I wonder if it is not part of Lucifer’s system to make people feel they are special friends of Jesus when in fact they are not following the normal and usual pattern of worship found in the true Church.

Our Relationship with the Lord, BYU Devotional speech, delivered March 1, 1982

George Pace’s idea had (inadvertantly or not) removed the Church and those leaders “who hold the keys of the kingdom” from their position as mediators between Church members and the Savior, and in doing so, had given Church members a means of independently obtaining Hope, through their personal connection with Jesus Christ. Elder McConkie put Pace, and the rest of his Lucifer-inspired (possibly unintentional) populists in their place. In McConkie’s view, only the prophets and apostles have the right to a special or personal relationship with Christ. Only the prophets and apostles have the power to prescribe the proper way for mankind to approach God and obtain salvation.¬† Hope is managed and apportioned through them.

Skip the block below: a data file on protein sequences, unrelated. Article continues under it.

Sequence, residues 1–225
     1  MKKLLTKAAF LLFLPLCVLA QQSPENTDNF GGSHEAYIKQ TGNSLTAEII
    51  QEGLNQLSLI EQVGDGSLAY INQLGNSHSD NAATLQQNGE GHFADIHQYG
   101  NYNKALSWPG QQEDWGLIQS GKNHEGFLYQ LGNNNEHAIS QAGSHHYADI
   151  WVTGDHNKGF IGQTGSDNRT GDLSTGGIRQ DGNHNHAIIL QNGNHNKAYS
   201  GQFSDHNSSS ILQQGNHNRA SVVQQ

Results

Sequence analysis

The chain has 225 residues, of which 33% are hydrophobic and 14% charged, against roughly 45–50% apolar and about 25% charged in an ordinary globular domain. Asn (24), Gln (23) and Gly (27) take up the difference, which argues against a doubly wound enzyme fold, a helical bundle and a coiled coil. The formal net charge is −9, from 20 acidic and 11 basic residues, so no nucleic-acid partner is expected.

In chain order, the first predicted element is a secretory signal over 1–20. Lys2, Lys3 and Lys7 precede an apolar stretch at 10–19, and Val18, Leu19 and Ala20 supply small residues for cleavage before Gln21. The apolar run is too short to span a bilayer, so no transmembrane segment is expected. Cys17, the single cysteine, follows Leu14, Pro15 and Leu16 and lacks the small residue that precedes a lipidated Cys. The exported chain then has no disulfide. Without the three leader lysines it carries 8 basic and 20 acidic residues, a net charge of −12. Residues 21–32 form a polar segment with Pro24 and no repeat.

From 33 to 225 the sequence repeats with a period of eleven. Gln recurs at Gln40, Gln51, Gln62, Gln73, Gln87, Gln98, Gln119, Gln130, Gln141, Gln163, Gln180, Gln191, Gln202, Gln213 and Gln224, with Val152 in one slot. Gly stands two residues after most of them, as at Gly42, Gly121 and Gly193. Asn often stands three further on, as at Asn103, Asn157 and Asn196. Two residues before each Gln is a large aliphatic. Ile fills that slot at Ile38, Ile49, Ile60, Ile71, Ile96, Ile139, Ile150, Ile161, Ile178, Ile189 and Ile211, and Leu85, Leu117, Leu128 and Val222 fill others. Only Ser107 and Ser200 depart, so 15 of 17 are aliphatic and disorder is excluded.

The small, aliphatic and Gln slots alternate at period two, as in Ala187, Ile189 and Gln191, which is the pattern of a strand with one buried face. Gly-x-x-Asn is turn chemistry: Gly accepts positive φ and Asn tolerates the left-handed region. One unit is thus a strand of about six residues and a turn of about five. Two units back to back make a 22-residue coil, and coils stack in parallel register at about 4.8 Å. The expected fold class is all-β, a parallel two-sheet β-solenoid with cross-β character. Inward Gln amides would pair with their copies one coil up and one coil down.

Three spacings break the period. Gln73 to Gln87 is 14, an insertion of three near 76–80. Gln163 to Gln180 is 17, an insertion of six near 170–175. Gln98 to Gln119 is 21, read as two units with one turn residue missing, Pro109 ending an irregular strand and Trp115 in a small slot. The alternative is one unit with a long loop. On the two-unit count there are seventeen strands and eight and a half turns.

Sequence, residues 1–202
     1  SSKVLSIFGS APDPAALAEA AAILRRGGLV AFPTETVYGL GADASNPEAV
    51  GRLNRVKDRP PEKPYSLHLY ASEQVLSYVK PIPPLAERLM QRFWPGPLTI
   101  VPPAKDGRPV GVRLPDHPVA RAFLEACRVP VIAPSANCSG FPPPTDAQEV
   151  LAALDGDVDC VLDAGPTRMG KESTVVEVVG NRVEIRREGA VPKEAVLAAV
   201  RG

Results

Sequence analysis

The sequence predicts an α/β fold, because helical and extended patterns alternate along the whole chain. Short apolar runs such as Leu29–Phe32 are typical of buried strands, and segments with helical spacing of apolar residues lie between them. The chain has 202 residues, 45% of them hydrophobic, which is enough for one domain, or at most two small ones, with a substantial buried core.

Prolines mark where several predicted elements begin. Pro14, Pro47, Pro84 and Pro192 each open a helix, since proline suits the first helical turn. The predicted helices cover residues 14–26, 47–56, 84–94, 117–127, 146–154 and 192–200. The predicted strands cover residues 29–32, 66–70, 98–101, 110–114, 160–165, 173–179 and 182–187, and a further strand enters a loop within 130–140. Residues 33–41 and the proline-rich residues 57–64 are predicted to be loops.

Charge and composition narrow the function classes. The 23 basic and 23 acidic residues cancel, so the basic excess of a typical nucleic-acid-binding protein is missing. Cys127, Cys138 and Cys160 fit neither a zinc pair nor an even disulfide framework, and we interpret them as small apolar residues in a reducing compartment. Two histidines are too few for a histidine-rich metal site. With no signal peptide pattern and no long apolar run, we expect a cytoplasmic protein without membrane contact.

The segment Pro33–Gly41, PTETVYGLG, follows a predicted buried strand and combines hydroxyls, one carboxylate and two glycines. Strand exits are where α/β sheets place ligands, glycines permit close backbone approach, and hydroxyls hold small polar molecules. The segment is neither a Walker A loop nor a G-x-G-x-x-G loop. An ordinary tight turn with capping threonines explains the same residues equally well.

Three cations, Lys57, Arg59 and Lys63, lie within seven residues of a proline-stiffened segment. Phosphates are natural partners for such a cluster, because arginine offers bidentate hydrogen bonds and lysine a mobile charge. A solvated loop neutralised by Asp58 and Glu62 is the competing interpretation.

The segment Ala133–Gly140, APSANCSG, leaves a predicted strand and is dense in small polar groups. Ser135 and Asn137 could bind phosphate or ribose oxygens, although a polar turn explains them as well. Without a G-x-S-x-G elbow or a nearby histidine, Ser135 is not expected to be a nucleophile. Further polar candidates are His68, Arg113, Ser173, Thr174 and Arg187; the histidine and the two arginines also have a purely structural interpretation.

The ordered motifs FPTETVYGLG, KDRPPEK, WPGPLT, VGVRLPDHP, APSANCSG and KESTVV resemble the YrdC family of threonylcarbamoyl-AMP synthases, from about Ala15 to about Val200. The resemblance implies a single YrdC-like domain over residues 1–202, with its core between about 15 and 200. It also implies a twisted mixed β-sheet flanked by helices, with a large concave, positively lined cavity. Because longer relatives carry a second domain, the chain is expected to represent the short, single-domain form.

After McConkie’s rebuke, Pace apologized for his impertinence:

I mean to stay in the mainstream of the Church, urging any with whom I have influence to listen to the words of our leaders, to pray earnestly for guidance, and to grow spiritually in our capacity to be obedient to the will and mind of God for us, giving full and appropriate reverence to the Father, the Son, and the Holy Ghost.



3 Responses to “Lifeblood Battles: George Pace”

  • Nathan C. Says: